Alyse Galvin Could Become 1st Woman to Serve As An Independent US Representative
One woman has previously been elected to the chamber as an independent, but never served under that designation
Former schoolteacher and education advocate Alyse Galvin knows it will not be easy defeating Alaska Republican U.S. Representative Don Young next month.
Young has survived multiple Democratic waves since his first victory for Alaska’s at-large seat in 1973 following the death of Nick Begich.
With a record number of nominations received across multiple offices, the 2018 cycle has been frequently billed as the ‘year of the woman,’ and this November Young will face a woman as his chief general election opponent for the sixth time in his legislative career.
The state’s supreme court permitted Galvin to run as an independent in the state’s Democratic primary in late August and she won by a convincing 30.4 points.
A recent Alaska Survey Research poll found Galvin trailing Rep. Young by only a 50 to 46 percent margin.
While Young is an Alaskan institution and has served 23 terms, he has barely won a majority of the vote during three of his last five victories: in 2008 against former state Representative Ethan Berkowitz (50.1 percent), in 2014 against Forrest Dunbar (50.9 percent), and in 2016 versus former media executive Steve Lindbeck (50.3 percent).
If Galvin is successful in defeating Rep. Young, she will become the first woman to serve as an independent U.S. Representative out of more than one dozen independents sworn into the chamber over the last two centuries.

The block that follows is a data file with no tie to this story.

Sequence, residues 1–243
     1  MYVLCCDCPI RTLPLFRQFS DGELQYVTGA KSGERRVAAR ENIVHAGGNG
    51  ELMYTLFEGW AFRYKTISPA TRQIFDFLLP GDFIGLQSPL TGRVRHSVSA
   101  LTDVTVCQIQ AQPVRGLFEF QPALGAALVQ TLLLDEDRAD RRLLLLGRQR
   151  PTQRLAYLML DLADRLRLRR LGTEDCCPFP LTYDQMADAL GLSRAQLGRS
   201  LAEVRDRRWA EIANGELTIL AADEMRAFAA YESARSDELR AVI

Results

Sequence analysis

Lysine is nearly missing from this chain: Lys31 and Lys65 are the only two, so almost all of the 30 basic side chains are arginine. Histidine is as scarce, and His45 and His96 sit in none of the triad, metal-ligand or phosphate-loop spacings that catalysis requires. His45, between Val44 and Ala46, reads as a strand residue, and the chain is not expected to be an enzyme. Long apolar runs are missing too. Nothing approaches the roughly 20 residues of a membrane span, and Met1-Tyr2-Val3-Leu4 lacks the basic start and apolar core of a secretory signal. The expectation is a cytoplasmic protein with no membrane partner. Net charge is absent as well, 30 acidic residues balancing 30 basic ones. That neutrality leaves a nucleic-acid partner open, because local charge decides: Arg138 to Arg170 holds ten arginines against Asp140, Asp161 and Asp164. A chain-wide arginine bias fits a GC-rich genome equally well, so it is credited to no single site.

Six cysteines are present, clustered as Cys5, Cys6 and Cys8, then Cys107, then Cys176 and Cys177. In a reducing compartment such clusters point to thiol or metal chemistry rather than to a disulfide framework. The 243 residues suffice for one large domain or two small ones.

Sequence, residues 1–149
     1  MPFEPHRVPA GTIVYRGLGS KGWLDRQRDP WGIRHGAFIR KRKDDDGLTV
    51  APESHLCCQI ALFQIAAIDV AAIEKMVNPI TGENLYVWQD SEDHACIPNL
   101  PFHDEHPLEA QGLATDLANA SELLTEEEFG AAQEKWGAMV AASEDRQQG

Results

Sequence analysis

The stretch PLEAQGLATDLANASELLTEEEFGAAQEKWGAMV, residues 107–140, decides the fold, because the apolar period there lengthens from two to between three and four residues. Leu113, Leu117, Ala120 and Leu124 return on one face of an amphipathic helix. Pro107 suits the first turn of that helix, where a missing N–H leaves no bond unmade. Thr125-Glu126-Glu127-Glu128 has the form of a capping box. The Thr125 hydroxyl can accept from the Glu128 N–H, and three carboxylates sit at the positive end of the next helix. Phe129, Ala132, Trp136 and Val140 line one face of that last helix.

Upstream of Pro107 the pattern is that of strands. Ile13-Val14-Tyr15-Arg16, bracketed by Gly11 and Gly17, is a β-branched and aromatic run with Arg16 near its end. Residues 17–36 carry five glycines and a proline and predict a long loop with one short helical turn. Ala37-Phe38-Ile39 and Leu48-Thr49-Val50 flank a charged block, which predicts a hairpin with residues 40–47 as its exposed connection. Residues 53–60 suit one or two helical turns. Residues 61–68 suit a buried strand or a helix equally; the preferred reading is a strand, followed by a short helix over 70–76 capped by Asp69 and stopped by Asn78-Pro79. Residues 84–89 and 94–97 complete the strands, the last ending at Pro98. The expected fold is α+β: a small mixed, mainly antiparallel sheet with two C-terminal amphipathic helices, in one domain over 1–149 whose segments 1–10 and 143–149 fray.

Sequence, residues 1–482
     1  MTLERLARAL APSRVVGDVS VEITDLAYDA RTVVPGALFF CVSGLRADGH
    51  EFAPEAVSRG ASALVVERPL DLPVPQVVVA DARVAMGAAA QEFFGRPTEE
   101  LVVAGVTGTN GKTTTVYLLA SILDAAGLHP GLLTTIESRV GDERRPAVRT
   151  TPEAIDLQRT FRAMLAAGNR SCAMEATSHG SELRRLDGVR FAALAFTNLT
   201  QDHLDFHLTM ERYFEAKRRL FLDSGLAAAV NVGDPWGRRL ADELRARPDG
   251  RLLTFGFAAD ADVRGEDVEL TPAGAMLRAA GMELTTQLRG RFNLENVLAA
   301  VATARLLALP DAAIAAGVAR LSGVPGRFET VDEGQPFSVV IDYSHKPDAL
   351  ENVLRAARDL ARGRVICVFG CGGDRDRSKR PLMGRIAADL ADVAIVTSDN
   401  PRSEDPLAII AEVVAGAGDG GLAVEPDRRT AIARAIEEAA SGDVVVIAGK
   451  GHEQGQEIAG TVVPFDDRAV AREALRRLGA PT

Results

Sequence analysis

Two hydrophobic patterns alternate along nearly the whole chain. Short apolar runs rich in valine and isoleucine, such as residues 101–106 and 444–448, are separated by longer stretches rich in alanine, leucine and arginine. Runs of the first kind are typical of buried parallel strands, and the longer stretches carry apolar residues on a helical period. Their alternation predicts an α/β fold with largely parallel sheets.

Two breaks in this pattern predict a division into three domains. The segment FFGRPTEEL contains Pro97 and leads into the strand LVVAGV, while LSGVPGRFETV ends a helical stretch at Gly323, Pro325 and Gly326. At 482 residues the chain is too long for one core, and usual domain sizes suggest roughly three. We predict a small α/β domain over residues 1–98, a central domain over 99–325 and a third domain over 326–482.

However, one woman was elected to the chamber as an independent, but did not serve with that designation.
In June 1996, eight-term Republican Bill Emerson died in office representing Missouri’s 8th Congressional District.
His widow, Jo Ann Emerson, was the GOP nominee for the November 1996 special election, but was not able to run in the Republican primary for the election to the full term. [That slot was won by Richard Kline who was one of two candidates who had filed to challenge Bill Emerson before his death. Emerson’s widow could not meet the filing deadline to run in that primary.].
Jo Ann Emerson decided to run as an independent in the November general election and won the seat with 50.4 percent, whilst simultaneously winning 63.3 percent in the special election as the Republican nominee.
Emerson was the first and is the only woman to win a U.S. House election as an independent, but she never served as one in the chamber.
After winning the special election she was seated as a Republican on November 5, 1996 and kept that party designation when she began her full term for the 105th Congress on January 3, 1997.
If elected, Galvin would therefore be the first woman to serve in the U.S. House as an independent.
The five times women previously challenged Rep. Young all resulted in double-digit losses:
- 1984: Pegge Begich, widow of former Congressman Nick Begich, lost by 13.3 points
- 1986: Pegge Begich lost in a rematch by 15.4 points
- 1996: State Senator Georgianna Lincoln lost by 23.0 points
- 2006: Writer Diane Benson lost by 16.6 points
- 2012: State Representative Sharon Cissna lost by 35.3 points
Each of these women were Democratic nominees.
Over the decades, Young has been elected by single digits during just five of his 23 victories: in 1973, 1974, 1990, 1992, and 2008.
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Her bid as an independent is yet another confirmation that the Final Frontier (state) is really comprised of a) the GOPpers and b) the non (or anti) GOPpers – as reflected both in the (tri-partisan) composition of the legislature and primary election arrangement of the state. Also, it would be safe to presume that Galvin, should she win, will not vote for McCarthy, Scalise, or any other R for the speakership, no?
Based on the balance of Galvin’s policy positions, it would seem almost a certainty that she would vote for a DEM, though I imagine she would not back Rep. Pelosi.